If you think men suffer from just a single type of ED, think again. As unbelievable as it may sound, young men are dangerously affected by a more serious ED-an eating disorder which they find even harder to discuss. Anorexia nervosa, a term associated with loss of appetite commonly called as anorexia is more frequent among teenage girls. The serious disorder however, is widely spreading among young men in search of a perfect body.
A report in the Daily Mail has revealed the results of a recent survey in Britain based on data provided by the British government. The survey suggests that the past five years has seen a rapid increase in the number of men undergoing treatment for anorexia with the figures going up by 67 %. Experts say that there could be more to this, though official figures show that 1,700 men or 32 % have received treatment for this lifestyle disease in the past year.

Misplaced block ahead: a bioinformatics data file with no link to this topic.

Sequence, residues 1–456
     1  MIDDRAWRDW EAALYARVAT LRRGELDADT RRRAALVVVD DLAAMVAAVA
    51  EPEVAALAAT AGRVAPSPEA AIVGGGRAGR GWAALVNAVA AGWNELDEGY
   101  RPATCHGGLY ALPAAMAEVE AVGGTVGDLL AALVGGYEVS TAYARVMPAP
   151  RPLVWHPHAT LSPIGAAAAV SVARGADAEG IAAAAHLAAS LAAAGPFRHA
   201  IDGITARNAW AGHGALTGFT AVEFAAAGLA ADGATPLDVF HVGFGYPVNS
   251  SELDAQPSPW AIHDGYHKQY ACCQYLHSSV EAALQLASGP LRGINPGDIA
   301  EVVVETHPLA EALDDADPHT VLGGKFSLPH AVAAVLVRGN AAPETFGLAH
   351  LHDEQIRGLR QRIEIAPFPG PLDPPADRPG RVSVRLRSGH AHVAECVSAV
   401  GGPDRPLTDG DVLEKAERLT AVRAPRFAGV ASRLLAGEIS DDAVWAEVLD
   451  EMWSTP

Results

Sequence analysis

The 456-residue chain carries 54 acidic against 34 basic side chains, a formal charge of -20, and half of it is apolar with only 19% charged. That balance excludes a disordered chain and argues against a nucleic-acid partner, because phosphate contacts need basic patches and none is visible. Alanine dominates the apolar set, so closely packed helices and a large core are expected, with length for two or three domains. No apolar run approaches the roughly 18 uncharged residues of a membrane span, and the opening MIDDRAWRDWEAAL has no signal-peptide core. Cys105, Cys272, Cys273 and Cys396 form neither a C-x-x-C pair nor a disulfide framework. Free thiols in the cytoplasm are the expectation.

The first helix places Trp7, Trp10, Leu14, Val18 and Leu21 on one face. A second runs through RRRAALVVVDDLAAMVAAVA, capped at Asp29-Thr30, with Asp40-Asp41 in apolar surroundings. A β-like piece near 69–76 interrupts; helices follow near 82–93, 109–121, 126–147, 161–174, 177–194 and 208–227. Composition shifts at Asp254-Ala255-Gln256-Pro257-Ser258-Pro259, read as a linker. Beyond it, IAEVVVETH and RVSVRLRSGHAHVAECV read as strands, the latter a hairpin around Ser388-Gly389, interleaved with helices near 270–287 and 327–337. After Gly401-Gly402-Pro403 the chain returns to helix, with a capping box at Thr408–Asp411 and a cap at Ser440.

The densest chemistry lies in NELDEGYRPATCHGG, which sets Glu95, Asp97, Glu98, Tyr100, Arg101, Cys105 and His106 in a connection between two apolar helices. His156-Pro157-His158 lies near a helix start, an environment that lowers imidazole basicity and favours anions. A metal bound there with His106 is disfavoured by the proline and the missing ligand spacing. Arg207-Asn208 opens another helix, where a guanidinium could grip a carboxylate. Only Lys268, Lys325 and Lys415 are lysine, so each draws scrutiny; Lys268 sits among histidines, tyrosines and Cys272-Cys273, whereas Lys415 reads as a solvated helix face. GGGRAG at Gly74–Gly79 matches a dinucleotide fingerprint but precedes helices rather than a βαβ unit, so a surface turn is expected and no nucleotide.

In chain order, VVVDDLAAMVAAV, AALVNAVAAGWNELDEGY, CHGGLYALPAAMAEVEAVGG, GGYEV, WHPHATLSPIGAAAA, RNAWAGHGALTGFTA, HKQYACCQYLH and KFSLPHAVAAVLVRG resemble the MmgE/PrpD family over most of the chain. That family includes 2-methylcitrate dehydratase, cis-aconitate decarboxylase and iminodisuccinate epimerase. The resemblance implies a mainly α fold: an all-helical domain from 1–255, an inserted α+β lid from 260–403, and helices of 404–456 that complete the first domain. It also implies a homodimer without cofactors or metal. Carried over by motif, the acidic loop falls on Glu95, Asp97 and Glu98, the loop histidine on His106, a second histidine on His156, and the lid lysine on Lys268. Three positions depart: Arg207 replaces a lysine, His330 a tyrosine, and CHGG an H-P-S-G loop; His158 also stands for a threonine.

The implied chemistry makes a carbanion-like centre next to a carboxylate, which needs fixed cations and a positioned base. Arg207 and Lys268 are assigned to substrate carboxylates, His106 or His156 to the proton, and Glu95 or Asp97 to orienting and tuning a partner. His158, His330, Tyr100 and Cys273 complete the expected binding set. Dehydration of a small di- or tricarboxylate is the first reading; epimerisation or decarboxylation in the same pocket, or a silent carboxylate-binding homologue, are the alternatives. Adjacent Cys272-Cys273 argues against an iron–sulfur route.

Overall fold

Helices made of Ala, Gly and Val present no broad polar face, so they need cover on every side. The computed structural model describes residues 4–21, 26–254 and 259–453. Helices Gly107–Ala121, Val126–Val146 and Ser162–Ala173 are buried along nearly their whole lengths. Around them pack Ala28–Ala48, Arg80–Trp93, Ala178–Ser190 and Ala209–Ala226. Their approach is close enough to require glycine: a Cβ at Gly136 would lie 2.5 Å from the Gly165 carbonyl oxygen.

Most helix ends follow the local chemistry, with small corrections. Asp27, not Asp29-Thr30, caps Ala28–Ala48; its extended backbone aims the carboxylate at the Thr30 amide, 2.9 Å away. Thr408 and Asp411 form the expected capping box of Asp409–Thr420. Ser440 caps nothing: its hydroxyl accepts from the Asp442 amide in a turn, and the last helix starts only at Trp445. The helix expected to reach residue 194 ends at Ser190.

Susan Ringwood, the chief executive of eating disorder charity Beat, remarked, “The rise in male anorexia actually masked a much bigger problem because men traditionally are less likely to seek help. There has been a rise in focus on the body aesthetic and that’s affecting men as well as girls. Clinics are seeing many more men, as well as children as young as eight. We know children are more likely to develop an eating disorder during puberty, and puberty is starting on average five years earlier than it did 50 years ago.”
Further adding Susan mentioned a significant role played by commercials and magazines that showcased size zero models trapping young women and now also men into self starvation.
Frances Connan, Consultant psychiatrist and lead clinician for the Vincent Square eating-disorder clinic divulged that anorexia could pose a more serious threat to men as they find it doubly humiliating to seek for help. Looking at anorexia as a “girl’s problem”, men are reluctant to come forward with the eating disorder.
Anorexia cases in Durham have shot up abruptly with a 360 % increase whereas in South East London and Yorkshire anorexia has risen by 246 % and 139% respectively. The survey further found that from 202 children in 2001-02 to 255 children in the past year, there was a 26 % increase in the number of children less than 14 years of age being treated at hospitals.
Experts bring to view that the complex eating disorder could involve serious psychological, sociological and neurobiological components.